MTA Begins Replacing Misspelled Signs at Verrazzano Bridge

BROOKLYN -
spelling verrazzano bridge
An MTA crew erects the new, correctly spelled sign Wednesday. (Patrick Cashin/Metropolitan Transportation Authority)

The Metropolitan Transportation Authority on Wednesday began correcting a mistake more than half a century old, replacing signs at the bridge connecting Brooklyn and Staten Island from the erroneous “Verrazano” to the correct “Verrazzano.”

The then-titled Verrazano-Narrows Bridge opened in 1964, named for Italian explorer Giovanni da Verrazzano, who explored New York Harbor in 1524. The bridge name was mistakenly spelled with one “z,” and it was never changed, at least partly due to the expense: When the Triborough Bridge was renamed the Robert F. Kennedy Bridge in 2008, replacing the road signs cost over $4 million.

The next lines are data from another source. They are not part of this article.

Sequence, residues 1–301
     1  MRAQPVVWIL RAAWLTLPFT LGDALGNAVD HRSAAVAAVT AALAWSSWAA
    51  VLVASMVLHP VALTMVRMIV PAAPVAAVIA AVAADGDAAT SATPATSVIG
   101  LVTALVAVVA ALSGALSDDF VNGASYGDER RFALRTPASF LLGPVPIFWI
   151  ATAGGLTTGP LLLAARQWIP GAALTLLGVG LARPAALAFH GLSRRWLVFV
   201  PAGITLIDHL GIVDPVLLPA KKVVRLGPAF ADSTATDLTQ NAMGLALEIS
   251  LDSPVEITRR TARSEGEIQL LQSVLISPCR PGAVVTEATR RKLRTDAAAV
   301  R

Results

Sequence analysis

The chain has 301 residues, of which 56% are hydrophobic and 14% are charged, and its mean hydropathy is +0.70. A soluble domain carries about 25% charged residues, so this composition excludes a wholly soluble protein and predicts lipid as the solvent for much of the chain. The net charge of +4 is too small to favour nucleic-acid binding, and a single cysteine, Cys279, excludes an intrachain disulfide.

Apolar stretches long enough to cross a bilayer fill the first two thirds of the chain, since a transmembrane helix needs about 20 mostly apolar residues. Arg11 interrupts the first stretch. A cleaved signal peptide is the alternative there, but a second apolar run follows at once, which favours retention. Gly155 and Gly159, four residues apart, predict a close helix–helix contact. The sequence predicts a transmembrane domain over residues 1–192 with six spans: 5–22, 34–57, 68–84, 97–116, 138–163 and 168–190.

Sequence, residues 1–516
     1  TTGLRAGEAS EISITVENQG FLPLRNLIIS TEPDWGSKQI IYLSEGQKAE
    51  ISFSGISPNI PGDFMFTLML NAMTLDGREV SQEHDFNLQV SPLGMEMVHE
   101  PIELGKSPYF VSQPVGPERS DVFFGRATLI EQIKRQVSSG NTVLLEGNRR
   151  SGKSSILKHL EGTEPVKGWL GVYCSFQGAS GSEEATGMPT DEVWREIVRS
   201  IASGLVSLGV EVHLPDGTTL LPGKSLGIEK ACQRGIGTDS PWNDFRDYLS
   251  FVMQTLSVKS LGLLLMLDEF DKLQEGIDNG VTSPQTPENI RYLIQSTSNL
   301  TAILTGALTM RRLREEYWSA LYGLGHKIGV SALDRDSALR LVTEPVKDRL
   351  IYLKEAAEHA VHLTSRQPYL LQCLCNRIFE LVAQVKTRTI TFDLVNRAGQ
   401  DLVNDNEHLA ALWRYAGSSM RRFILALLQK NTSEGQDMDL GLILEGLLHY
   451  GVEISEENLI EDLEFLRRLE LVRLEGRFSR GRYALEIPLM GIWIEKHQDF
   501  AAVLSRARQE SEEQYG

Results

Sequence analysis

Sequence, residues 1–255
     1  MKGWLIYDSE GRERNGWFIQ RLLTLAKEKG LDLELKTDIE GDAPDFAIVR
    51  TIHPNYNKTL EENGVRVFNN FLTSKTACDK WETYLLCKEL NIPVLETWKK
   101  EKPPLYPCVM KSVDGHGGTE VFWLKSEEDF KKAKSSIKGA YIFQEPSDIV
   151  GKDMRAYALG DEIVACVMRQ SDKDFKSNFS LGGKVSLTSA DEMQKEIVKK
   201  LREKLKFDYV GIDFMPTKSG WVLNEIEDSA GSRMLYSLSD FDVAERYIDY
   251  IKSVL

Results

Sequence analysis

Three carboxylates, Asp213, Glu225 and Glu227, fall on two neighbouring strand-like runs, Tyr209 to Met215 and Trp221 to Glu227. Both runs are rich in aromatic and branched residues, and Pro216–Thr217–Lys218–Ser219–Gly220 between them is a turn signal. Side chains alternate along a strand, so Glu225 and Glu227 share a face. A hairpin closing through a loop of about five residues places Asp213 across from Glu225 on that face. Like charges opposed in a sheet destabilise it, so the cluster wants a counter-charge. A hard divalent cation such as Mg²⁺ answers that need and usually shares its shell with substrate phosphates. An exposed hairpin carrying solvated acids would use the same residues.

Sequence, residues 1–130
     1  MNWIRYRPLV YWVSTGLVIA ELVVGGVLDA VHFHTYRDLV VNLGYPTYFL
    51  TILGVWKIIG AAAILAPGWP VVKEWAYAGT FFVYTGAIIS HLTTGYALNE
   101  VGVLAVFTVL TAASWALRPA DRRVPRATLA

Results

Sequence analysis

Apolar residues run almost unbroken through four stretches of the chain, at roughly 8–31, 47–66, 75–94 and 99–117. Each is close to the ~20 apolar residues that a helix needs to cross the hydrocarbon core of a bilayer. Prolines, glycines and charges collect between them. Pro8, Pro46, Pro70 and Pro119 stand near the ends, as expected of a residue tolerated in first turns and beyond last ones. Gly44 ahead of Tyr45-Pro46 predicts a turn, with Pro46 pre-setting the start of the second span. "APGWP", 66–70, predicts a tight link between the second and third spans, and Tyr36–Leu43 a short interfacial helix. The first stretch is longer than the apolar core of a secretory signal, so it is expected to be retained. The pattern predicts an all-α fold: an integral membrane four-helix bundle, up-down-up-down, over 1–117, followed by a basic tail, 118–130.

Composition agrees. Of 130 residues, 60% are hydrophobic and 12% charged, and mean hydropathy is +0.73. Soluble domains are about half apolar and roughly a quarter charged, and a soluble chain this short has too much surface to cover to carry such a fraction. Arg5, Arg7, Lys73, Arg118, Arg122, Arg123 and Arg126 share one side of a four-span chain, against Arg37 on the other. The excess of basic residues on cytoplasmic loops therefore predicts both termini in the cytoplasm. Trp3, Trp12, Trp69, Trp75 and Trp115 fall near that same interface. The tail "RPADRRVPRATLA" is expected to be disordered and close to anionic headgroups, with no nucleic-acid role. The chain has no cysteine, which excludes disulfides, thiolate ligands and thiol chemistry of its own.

Robert Nash, an Italian-American student at Brooklyn College, started a petition drive in 2016 to correct the bridge’s spelling. The legislature approved the name change to “Verrazzano-Narrows Bridge” and it was signed into law by Gov. Andrew Cuomo in 2018.

To minimize costs, the MTA is replacing the signs on its property gradually, under normal schedule of maintenance, rather than replacing them all at once.

The crews Wednesday replaced a sign at 92nd Street near Fort Hamilton Parkway in Brooklyn, that points to an entrance ramp to the bridge.

The bridge was the longest suspension span in the world when it opened, and it is still the longest suspension span in the U.S. Nearly 70 million vehicles cross it annually.

rborchardt@hamodia.com